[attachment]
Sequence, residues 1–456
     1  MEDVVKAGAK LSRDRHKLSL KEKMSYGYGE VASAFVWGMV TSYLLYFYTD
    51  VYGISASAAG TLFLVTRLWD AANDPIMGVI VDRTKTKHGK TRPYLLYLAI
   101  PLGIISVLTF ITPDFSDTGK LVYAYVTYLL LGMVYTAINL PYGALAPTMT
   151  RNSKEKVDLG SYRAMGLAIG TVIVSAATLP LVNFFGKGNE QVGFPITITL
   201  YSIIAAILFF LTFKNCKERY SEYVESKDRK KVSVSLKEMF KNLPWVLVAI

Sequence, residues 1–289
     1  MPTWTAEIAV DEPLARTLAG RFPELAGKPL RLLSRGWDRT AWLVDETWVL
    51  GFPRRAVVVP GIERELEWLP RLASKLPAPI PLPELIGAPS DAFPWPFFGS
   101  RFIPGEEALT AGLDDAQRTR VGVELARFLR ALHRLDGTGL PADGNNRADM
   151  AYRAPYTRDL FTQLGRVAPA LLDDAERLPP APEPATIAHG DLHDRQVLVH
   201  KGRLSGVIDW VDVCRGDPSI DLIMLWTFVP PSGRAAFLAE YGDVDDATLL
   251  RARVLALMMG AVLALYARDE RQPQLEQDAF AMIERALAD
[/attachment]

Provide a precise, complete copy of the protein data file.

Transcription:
Sequence, residues 1–456
     1  MEDVVKAGAK LSRDRHKLSL KEKMSYGYGE VASAFVWGMV TSYLLYFYTD
    51  VYGISASAAG TLFLVTRLWD AANDPIMGVI VDRTKTKHGK TRPYLLYLAI
   101  PLGIISVLTF ITPDFSDTGK LVYAYVTYLL LGMVYTAINL PYGALAPTMT
   151  RNSKEKVDLG SYRAMGLAIG TVIVSAATLP LVNFFGKGNE QVGFPITITL
   201  YSIIAAILFF LTFKNCKERY SEYVESKDRK KVSVSLKEMF KNLPWVLVAI

Sequence, residues 1–289
     1  MPTWTAEIAV DEPLARTLAG RFPELAGKPL RLLSRGWDRT AWLVDETWVL
    51  GFPRRAVVVP GIERELEWLP RLASKLPAPI PLPELIGAPS DAFPWPFFGS
   101  RFIPGEEALT AGLDDAQRTR VGVELARFLR ALHRLDGTGL PADGNNRADM
   151  AYRAPYTRDL FTQLGRVAPA LLDDAERLPP APEPATIAHG DLHDRQVLVH
   201  KGRLSGVIDW VDVCRGDPSI DLIMLWTFVP PSGRAAFLAE YGDVDDATLL
   251  RARVLALMMG AVLALYARDE RQPQLEQDAF AMIERALAD